Amid shocking revelations of misconduct in the banking industry, the coalition's new budget slashes funding to the Australian Securities and Investments Commission (ASIC) by $26 Million and cuts its staffing by 30 workers.

ASIC will see its funding fall from $346 Million to $320 Million by 2021.  That has the opposition questioning whether the coalition Treasurer Scott Morrison are serious about fighting corporate crime.

"The Treasurer is all bark and no bite when it comes to making sure our white collar agencies are fighting corporate crime arising from misconduct by our financial services organisations," said Labor MP Matt Keogh  in an interview with The Australian Financial Review.  "You have got to contrast these cuts against the comments of Mr Morrison last week that they would go after big scalps arising out of APRA's CBA report and the royal commission."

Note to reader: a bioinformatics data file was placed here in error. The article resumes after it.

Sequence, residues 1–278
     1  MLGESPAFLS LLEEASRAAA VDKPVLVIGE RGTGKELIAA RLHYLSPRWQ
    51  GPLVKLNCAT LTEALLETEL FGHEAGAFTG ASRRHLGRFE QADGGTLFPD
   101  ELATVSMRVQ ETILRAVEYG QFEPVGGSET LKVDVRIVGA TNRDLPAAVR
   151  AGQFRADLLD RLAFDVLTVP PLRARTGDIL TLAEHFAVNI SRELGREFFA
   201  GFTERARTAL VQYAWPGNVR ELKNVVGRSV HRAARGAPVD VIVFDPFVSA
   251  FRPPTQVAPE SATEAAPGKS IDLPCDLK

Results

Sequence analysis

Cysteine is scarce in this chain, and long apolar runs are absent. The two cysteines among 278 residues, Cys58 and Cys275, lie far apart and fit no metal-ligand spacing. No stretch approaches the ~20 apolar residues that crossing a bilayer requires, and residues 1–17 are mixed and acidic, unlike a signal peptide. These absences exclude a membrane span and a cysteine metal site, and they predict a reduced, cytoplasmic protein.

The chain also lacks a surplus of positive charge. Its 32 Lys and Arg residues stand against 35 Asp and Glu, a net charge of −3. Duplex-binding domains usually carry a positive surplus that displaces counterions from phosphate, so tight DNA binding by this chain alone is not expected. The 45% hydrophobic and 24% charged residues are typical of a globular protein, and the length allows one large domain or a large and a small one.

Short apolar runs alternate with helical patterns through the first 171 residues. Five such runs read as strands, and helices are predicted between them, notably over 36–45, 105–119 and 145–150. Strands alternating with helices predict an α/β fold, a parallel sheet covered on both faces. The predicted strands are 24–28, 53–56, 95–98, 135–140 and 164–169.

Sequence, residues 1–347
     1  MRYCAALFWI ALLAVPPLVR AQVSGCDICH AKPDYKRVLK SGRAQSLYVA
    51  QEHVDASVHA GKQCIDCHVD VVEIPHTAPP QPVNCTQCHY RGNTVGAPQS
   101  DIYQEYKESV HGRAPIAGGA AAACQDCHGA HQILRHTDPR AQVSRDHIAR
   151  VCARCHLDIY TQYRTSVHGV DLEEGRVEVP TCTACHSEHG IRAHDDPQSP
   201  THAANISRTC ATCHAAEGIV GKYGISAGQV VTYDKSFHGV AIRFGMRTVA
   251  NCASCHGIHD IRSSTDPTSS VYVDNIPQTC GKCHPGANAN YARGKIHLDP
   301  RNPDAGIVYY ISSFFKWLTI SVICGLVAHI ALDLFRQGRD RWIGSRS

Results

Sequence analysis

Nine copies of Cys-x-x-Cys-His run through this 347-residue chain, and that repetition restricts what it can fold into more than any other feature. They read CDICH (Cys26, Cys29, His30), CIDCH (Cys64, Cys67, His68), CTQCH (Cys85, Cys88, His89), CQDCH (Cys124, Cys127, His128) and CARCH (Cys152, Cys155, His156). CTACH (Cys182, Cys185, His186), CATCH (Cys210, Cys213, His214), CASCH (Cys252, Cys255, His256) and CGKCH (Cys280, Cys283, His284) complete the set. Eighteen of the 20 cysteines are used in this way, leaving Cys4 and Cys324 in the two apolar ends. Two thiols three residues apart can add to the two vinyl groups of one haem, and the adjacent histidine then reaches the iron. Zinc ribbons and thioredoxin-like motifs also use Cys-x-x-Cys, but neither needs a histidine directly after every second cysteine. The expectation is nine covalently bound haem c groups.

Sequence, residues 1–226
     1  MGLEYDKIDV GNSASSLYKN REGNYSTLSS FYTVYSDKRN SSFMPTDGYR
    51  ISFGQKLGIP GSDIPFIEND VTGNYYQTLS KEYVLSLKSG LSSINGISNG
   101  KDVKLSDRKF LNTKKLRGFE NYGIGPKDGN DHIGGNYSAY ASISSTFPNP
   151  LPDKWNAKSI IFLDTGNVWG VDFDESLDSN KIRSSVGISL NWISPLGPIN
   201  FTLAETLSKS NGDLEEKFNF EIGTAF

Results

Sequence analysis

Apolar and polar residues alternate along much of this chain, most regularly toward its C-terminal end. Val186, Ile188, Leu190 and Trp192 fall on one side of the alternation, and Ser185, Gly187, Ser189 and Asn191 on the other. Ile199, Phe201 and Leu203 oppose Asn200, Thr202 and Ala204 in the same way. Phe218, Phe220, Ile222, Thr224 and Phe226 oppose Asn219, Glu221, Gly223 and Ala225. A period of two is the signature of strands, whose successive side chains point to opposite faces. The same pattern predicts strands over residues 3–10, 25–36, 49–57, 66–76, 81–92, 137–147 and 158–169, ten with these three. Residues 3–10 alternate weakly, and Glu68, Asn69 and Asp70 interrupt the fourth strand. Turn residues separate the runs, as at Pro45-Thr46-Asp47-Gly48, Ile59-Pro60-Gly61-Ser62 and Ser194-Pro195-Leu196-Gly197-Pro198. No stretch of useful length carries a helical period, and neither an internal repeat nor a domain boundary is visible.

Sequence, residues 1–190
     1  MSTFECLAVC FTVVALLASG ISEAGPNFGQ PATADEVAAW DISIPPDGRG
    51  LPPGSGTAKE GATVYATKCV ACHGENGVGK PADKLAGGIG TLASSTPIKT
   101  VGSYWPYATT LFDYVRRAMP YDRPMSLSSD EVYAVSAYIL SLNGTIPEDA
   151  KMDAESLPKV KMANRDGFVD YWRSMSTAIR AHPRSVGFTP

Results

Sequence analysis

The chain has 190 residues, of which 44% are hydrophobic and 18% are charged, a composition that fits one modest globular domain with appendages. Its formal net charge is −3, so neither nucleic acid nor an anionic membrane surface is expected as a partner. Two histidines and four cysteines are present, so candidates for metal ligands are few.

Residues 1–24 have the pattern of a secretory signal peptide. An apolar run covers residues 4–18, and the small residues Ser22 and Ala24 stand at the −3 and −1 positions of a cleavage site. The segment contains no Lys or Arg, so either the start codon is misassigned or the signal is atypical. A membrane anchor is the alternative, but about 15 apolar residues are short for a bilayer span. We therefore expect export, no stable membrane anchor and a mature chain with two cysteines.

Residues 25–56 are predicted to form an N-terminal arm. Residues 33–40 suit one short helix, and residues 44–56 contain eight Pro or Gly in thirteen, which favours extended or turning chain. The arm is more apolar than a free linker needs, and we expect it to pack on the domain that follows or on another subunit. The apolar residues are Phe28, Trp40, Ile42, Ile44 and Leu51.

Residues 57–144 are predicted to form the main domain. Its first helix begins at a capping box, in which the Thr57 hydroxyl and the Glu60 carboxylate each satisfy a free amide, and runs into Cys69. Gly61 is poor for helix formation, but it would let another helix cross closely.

Shadow attorney-general Mark Dreyfus also condemned slashing ASIC's budget while the agency uncovers allegations of bribery at the National Australia Bank, evidence of advisors impersonating clients to access the details of their superannuation funds, and charging fees to dead clients at Commonwealth Bank.

"That's a shocking decision for the government to have made at the very time when all of these problems are being exposed about the banks," said Mr. Dreyfus.  "This is not the time to be cutting ASIC," he added.

The cuts seem even more inexplicable because of the 2016 funding regime which lets the taxpayer off the hook for funding the regulator:  ASIC's funding comes from banks, insurance companies, super funds, and publicly listed companies through a user-pays model.